They’re averaging over three goals per game in the French league and they broke the goalscoring record for the group stage, banging in 25 goals in their six games but the truth is none of that really matters either. Perhaps PSG don’t have to win the Champions League this season, but after a summer of astonishing investment there certainly needs to be a good performance in the competition, and that means not going out in the last 16, even if they have been drawn against the defending champions, Real Madrid.
The pressure is extraordinary, on Neymar in particular. This is the year in which he is expected to redeem the failure of the last World Cup and lead Brazil to glory in Russia, but it’s also a year in which PSG’s owners need him to offer at least some evidence that he will provide a return on their spending. Such is the interest in Brazil that Wednesday’s judging in the carnival in Rio de Janeiro has been moved earlier to make sure everybody is finished in time to watch the game.
Behind it all lies a huge irony, the strange sense that all the investment PSG have made in order to become a European force might actually count against them. This is a problem the former Liverpool midfielder Igor Biscan identified during his time at Dinamo Zagreb a decade ago, when they were midway through a run off 11 straight Croatian championship successes.
His team, he explained, won easily almost every week. The defenders’ job became about delivering good balls to the forward; they forgot how to defend. Everybody, meanwhile, forgot how to fight. What that meant was that as soon as Dinamo came up against any sort of resistance, as they did in Europe, even against a team of players less talented than them, they struggled to impose themselves and their soft center was exposed. That problem is now afflicting teams in leagues much more highly rated than Croatia’s.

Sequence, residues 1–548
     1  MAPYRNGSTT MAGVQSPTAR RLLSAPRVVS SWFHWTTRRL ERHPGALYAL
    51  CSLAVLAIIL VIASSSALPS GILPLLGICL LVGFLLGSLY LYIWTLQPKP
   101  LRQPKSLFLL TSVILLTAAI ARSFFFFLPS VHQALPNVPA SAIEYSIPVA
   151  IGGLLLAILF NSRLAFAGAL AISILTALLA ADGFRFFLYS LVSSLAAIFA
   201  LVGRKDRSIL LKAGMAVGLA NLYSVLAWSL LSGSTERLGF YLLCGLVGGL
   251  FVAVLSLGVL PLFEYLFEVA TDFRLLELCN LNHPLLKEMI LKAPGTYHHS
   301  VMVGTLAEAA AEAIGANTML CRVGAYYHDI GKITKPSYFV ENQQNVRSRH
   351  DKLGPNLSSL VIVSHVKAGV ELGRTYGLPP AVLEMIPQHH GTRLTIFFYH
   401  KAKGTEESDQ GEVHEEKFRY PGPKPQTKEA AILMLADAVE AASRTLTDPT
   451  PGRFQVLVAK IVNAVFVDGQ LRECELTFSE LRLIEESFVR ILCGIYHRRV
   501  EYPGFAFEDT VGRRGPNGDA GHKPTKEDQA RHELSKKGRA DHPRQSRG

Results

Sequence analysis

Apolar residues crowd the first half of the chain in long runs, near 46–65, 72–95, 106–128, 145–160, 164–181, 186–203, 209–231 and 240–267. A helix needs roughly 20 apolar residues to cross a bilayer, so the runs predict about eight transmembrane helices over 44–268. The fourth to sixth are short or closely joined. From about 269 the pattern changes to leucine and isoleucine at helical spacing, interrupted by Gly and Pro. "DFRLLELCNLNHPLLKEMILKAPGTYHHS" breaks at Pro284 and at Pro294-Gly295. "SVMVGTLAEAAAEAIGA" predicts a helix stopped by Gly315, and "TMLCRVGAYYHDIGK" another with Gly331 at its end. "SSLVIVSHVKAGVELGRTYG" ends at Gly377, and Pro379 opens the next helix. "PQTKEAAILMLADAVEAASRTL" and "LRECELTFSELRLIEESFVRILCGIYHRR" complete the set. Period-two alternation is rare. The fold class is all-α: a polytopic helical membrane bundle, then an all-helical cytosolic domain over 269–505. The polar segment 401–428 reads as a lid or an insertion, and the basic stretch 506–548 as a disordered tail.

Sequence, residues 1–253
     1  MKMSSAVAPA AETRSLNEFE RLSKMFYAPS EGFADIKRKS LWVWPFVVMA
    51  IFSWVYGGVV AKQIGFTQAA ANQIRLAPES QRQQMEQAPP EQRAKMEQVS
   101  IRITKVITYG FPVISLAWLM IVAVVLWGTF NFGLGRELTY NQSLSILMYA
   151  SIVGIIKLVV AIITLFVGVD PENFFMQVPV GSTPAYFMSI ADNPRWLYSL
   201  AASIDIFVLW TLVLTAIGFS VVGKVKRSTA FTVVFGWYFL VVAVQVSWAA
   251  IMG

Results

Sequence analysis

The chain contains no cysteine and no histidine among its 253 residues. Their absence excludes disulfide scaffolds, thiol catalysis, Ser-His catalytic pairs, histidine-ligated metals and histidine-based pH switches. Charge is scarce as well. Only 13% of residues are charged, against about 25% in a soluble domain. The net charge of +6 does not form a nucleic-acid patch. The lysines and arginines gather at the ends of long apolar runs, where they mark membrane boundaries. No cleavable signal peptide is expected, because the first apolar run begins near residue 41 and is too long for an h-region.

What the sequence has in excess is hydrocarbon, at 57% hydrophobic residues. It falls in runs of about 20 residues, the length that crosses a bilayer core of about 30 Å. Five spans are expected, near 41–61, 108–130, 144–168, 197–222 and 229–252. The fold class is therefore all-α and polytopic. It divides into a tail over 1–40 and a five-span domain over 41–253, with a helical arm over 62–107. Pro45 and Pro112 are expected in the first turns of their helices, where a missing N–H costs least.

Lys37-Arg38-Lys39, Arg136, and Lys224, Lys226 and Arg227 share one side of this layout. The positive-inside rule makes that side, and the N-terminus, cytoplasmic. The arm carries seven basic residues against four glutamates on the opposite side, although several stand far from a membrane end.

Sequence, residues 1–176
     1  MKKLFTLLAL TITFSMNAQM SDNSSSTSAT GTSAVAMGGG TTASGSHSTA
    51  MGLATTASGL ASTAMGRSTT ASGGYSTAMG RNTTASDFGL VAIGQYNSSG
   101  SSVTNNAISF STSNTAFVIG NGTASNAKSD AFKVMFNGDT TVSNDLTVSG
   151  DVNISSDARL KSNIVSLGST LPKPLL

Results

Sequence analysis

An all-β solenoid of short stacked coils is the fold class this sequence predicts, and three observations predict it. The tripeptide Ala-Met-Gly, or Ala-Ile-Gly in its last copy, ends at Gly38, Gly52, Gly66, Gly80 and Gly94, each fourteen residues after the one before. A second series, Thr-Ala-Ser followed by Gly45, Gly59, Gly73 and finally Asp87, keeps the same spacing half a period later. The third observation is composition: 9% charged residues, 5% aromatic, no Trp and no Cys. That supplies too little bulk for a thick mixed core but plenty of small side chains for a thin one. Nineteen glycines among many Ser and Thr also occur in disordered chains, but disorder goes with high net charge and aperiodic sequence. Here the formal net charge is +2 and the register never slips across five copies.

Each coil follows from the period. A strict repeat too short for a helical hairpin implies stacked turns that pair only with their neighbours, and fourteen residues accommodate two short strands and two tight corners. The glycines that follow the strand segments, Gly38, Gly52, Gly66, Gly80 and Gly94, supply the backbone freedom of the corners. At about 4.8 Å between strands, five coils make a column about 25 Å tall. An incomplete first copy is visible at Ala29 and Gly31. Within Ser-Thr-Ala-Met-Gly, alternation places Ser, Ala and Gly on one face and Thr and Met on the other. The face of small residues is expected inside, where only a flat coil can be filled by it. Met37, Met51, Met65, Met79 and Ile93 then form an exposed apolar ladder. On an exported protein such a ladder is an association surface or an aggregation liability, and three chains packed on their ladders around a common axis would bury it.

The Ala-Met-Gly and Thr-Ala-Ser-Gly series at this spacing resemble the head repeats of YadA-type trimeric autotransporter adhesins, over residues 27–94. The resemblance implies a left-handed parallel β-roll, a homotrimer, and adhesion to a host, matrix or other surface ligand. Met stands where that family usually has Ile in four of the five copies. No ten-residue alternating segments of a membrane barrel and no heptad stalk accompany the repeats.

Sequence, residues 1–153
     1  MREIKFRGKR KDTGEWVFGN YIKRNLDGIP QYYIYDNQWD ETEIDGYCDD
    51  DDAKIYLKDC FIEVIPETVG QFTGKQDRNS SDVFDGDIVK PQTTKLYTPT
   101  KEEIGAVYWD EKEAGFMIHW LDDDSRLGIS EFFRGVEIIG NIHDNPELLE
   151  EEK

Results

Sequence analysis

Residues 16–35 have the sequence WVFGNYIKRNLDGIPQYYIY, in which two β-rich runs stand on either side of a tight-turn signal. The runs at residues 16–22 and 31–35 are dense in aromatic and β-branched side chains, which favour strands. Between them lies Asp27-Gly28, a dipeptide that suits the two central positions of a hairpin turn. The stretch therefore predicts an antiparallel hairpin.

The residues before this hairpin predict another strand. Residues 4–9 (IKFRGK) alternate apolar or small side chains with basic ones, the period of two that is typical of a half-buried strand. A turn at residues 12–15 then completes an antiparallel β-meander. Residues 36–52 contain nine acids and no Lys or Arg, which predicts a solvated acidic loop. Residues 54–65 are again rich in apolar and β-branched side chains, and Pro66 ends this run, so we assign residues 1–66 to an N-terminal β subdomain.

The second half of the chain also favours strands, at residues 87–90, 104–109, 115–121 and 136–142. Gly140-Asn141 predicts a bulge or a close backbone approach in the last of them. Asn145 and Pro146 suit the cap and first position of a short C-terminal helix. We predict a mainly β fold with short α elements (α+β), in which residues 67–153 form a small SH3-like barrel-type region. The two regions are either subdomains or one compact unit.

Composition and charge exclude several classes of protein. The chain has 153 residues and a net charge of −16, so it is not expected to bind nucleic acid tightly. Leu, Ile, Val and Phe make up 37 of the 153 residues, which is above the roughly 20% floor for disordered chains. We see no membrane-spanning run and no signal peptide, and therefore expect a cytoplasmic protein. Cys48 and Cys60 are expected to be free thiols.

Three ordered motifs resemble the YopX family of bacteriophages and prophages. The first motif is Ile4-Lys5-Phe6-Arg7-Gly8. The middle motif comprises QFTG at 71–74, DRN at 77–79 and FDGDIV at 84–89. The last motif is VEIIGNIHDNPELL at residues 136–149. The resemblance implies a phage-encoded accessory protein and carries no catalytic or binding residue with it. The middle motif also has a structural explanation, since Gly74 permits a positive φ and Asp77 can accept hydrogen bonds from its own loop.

Might Bayern have won the Champions League under Pep Guardiola with greater case-hardening at home? Might Juventus be more effective if they didn’t keep dominating Serie A? PSG have only to think back to last season’s last 16 tie against Barcelona to be aware of their own vulnerability. When they were on top, in the home leg, they found Barca, almost equally unused to defending, acquiescent and won 4-0. At the Camp Nou, though, they were so frozen by the prospect of a side actually attacking them that they let in four goals in the final seven minutes.
The tie as a whole was thrilling but it also served as a warning about the dangers of the financial disparities in modern football. Good teams, frankly, shouldn’t buckle as Barca did in Paris and they certainly shouldn’t capitulate as PSG did in Barcelona. It’s not even an issue of having good defenders: PSG could buy as many as they wanted.
Their back four as it stands — Dani Alves, Marquinhos, Thiago Silva and Layvin Kuzawa, with Thomas Meunier, Presnel Kimpembe and Yuri as back up — is perfectly serviceable (with perhaps slight doubts about Dani Alves’ continued ability to get up and down the flank). The issue, though, is one of practice. It doesn’t matter how strong you are — if you don’t use a muscle it will get flabby.
PSG are not the only side facing that problem, but they are perhaps the club most obviously afflicted. And it is brought into sharper relief by the sense that they need European success. Splash out all that money and if you don’t start producing, you soon look pretty silly.